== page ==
Jacques Du Plessis, managing director of Netcare’s hospital division, thanked Prof Madhi and the University on behalf of Netcare for the opportunity to bring vaccinations to the Wits community. “I’m appealing to everyone, in your families and in your communities, bring your mother and father, your sister and your friends, and helpers at home, so that they can be protected. Please make the most of this opportunity for vaccination,” Du Plessis says.

This is another Netcare vaccination “pop-up” site and has initial capacity to vaccinate some 200 persons per day, which can be scaled up to meet demand as needed, answering the Department of Health [NDoH] and Business for South Africa’s [B4SA] call to bring the vaccine to the people. This adds to the four established Netcare Vaccination sites at Netcare Milpark Hospital in Johannesburg, Netcare Lakeview Hospital in Benoni, Johannesburg, Netcare St Augustine’s Hospital, in Durban, and Old Mutual Park in Pinelands, Cape Town, which together are able to vaccinate 5000 people daily, Monday to Friday.

To date, Netcare has vaccinated more than 150 000 people including 33 000 healthcare workers at Netcare. An additional 22 Medicross vaccination sites are anticipated to further bolster the national vaccination rollout soon.

“In South Africa, some 13.7 million people have received at least one dose and approximately half of them are fully vaccinated with either the Johnson & Johnson or the second dose of the Pfizer vaccine. We need to get to at least 35 million people by the end of the year, however with the vaccination apathy in society we are not likely to reach this level of protection. Unfortunately, we could expect a scenario that we will see a fourth wave from the middle of December and peaking in January,” Du Plessis said at the launch of the Wits vaccination site.

Prof Madhi encouraged the University’s 40 000 students to be vaccinated, as this not only reduces the chance of being infected and suffering serious illness but also of transmitting the virus to others. “The only sustainable manner in which we will be able to get back to a normal lifestyle is to ensure you can protect people, not necessarily only against getting infected, but most importantly to prevent people from developing severe disease and dying from COVID-19. The only thing that is available to us to achieve that goal is vaccines, despite what others might say on social media,” Prof Madhi said.

Toubkin expressed appreciation to Wits’ academic head of the emergency medicine division, Professor Feroza Motara, and academic head of the clinical associate division and chair of the COVID-19 logistics team, Scott Smalley, for their roles in bringing the initiative to fruition. “Thanks to the support of Prof Madhi, what was initially planned as a once off vaccination day has now turned into a three week campaign that will enable thousands of students and others in the Wits community to have this life-saving vaccine,” she adds.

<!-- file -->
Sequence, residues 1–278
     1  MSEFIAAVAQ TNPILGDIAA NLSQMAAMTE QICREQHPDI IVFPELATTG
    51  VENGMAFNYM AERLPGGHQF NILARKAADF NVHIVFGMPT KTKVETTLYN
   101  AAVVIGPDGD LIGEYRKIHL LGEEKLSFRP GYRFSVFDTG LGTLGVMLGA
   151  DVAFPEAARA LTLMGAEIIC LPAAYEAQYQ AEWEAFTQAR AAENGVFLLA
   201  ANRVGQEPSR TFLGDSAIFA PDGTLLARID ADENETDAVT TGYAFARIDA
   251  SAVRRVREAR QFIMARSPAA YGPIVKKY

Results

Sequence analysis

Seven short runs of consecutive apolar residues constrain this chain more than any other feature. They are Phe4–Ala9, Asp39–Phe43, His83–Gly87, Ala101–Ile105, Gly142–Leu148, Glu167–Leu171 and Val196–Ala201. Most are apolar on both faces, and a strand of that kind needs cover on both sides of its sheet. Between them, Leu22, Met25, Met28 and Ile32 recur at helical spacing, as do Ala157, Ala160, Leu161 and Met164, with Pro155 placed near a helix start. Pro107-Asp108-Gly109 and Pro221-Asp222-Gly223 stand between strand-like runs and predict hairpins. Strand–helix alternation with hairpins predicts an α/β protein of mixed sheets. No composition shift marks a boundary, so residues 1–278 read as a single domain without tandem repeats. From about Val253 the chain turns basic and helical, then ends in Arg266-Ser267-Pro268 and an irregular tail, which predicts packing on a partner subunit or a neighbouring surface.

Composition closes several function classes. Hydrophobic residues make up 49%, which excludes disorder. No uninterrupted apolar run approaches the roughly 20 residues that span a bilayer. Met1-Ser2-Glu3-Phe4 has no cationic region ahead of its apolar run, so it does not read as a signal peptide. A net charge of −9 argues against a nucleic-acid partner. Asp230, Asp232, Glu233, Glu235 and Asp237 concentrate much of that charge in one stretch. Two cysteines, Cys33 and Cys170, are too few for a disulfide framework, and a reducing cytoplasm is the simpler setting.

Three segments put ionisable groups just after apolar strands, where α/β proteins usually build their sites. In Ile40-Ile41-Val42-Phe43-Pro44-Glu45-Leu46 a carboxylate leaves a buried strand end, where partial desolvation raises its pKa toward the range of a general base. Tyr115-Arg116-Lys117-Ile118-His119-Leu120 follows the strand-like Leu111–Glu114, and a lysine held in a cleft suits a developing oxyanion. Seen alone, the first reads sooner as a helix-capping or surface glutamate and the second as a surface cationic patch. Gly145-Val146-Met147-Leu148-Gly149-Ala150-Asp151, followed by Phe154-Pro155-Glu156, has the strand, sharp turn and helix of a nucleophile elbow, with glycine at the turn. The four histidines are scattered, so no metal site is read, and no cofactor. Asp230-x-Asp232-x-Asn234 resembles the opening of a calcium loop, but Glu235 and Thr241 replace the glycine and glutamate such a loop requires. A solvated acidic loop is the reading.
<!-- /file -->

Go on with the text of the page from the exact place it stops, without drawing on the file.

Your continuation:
“Many students and university staff have already made use of the COVID-19 vaccination site at Netcare Milpark Hospital. This new initiative brings vaccination even closer, making it more convenient than ever for those studying or working at Wits to be protected as far as possible against COVID-19,” Toubkin says.

“Although the vaccine is highly effective, it is still important to adhere to COVID-19 precautions including maintaining social distancing, wearing a mask, practising proper hand hygiene and avoiding crowded, poorly ventilated places. The more people who are vaccinated, the greater the level of protection in our communities and in our country will be, which could save many thousands of lives.”

Businesses Insist on Mandatory Vaccination in SA

As South Africa continues to ramp up its Covid-19 vaccination efforts, more businesses are prone to require that both its employees and customers are vaccinated, says Business Leadership South Africa chief executive Busi Mavuso.

Writing in her weekly open letter to South Africans, Mavuso said the government should consider introducing Covid-19 vaccine incentives and a digital pass to achieve a vaccination rate of 70%-80% of adults.

While public policy can drive some vaccine incentives, she said the private sector also has a part to play in the success of the vaccine drive.

“Many employers have led the charge in supporting employees to access vaccines. Some employers can make vaccination mandatory where their employees are exposed to the public – like restaurants – or work in close contact with each other.”

Businesses also have the right to control access to their premises, she said.  “Just as they can insist employees who are exposed to the public are vaccinated, they can insist that customers who are exposed to their employees or each other are vaccinated.